Good Neighborhood
by Fowler, Therese Anne






"A gripping contemporary novel that examines the American dream through the lens of two families living side by side in an idyllic neighborhood, and the one summer that changes their lives irrevocably"-





THERESE ANNE FOWLER is the author of the New York Times bestselling novel Z: A Novel of Zelda Fitzgerald and A Well-Behaved Woman. Raised in the Midwest, she moved to North Carolina in 1995. She holds a BA in sociology/cultural anthropology and an MFA in creative writing from North Carolina State University.





The first page in Fowler's (A Well-Behaved Woman, 2018) third novel, her first set in the present, lets readers know that there will be a funeral; they'll wonder whose it might be right up to the book's final pages. With his wife and two daughters, local HVAC celebrity Brad Whitman moves into his new dream house on the lot behind Valerie Alston-Holt's property, where she lives with her son, Xavier, in charming Oak Knoll, North Carolina. When it's clear that the Alston-Holts' beloved, centuries-old oak tree is suffering because of the Whitmans' construction, ecology professor Valerie, who is Black, takes action that prompts Brad, who is white, to reveal his true colors in a spiral of devastation. This is hardly an easy setup for the budding romance between teens Xavier and Juniper Whitman, which was already complicated by the purity promise Juniper's parents encouraged her to take. Narrated by the neighborhood, a diverse, collective we that sometimes interrupt their storytelling to reflect on all they knew and didn't know, this is a rippling story for fans of suspenseful domestic dramas. Copyright 2019 Booklist Reviews.





A riveting, potentially redemptive story of modern American suburbia that reads almost like an ancient Greek tragedy. When the Whitmans, a nouveau riche white family, move into a sprawling, newly built house next door to Valerie Alston-Holt, a black professor of forestry and ecology, and her musically gifted, biracial 18-year-old son, Xavier, in a modest, diverse North Carolina neighborhood of cozy ranch houses on wooded lots, it is clear from the outset things will not end well. The neighborhood itself, which serves as the novel's narrator and chorus, tells us so. The story begins on "a Sunday afternoon in May when our neighborhood is still maintaining its tenuous peace, a loose balance between old and new, us and them," we are informed in the book's opening paragraph. "Later this summer when the funeral takes place, the media will speculate boldly on who's to blame." The exact nature of the tragedy that has been foretold and questions of blame come into focus gradually as a series of events is set inexorably in motion when the Whitmans' cloistered 17-year-old daughter, Juniper, encounters Xavier. The two teenagers tumble into a furtive, pure-hearted romance even as Xavier's mom and Juniper's stepfather, Brad, a slick operator who runs a successful HVAC business and has secrets of his own, lock horns in a legal battle over a dying tree. As the novel builds toward its devastating climax, it nimbly negotiates issues of race and racism, class and gentrification, sex and sexual violence, environmental destruction and other highly charged topics. Fowler (A Well-Behaved Woman, 2018, etc.) empathetically conjures nuanced characters we won't soon forget, expertly weaves together their stories, and imbues the plot with a sense of inevitability and urgency. In the end, she offers an opportunity for catharsis as well as a heartfelt, hopeful call to action. Traversing topics of love, race, and class, this emotionally complex novel speaks to—and may reverberate beyond—our troubled times. Copyright Kirkus 2019 Kirkus/BPI Communications. All rights reserved.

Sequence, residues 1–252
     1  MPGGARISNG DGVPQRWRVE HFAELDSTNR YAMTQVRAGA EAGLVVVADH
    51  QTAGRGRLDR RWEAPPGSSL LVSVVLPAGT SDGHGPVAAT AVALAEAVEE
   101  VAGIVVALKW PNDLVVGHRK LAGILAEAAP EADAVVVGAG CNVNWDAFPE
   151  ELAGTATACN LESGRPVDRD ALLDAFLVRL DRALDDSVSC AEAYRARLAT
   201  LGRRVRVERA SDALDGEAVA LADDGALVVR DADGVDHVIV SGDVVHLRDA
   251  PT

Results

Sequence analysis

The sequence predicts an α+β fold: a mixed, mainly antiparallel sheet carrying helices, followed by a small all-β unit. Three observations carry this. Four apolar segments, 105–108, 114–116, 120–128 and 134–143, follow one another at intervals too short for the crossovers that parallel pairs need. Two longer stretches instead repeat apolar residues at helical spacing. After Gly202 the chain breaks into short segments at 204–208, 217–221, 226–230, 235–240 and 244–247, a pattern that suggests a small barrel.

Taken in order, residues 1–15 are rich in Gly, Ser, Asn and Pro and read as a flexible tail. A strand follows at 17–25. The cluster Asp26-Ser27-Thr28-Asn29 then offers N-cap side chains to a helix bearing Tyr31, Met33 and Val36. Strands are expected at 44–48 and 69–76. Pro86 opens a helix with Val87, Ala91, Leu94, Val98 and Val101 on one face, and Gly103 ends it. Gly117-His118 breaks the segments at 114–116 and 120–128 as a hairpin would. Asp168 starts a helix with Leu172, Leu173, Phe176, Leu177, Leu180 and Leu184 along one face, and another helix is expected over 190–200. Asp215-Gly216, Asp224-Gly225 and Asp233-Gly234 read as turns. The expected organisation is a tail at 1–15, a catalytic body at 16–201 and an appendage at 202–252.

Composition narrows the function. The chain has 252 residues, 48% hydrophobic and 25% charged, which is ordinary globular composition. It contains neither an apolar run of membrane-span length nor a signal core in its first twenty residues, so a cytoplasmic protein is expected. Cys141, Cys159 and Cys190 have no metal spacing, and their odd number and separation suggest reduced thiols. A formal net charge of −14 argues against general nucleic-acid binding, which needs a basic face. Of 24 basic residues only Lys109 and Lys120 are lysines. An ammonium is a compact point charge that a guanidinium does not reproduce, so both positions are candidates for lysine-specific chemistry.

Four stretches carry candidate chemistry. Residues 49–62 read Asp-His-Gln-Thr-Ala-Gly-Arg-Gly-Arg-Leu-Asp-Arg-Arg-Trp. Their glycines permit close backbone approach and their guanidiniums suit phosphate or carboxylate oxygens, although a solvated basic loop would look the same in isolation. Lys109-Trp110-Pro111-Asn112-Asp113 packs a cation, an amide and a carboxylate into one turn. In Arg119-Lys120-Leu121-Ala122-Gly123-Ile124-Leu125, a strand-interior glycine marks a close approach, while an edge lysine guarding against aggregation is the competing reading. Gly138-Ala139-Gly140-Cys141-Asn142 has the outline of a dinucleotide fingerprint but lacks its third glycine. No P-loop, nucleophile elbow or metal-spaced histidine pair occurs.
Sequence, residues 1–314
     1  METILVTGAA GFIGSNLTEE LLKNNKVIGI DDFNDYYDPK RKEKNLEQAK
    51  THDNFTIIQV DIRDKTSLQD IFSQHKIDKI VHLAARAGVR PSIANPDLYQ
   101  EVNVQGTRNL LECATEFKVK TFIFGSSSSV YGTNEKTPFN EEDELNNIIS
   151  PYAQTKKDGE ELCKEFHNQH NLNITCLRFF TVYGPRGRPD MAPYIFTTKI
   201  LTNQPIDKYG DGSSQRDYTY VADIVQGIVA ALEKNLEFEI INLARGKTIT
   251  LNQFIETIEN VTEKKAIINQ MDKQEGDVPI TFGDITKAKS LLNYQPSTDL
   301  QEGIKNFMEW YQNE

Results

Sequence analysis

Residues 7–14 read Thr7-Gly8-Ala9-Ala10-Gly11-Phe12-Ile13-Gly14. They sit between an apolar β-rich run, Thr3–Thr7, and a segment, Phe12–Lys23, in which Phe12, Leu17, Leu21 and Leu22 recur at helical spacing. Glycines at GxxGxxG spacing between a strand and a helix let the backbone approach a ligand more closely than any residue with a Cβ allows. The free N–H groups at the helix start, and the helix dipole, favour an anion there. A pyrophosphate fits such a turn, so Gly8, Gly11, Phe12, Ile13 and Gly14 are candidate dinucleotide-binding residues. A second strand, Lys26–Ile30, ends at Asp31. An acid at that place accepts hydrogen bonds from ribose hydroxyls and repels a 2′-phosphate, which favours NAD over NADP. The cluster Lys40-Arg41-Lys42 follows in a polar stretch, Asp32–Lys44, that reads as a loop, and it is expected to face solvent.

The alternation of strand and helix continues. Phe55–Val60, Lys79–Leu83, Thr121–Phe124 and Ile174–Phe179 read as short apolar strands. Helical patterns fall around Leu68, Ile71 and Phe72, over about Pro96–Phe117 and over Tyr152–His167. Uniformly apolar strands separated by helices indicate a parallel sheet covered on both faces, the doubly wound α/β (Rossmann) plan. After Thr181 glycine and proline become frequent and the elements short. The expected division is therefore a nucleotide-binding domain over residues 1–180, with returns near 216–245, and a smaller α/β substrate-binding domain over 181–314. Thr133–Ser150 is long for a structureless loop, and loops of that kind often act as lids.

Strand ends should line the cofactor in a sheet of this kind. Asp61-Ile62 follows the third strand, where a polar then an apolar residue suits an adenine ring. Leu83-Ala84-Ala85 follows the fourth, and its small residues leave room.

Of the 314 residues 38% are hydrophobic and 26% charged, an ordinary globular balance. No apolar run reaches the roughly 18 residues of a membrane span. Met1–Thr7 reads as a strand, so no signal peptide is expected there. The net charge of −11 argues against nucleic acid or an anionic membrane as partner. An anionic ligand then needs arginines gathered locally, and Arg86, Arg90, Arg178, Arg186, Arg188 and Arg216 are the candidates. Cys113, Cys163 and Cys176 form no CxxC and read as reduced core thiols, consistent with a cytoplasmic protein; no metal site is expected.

Terms of Use   ©Copyright 2020 Follett School Solutions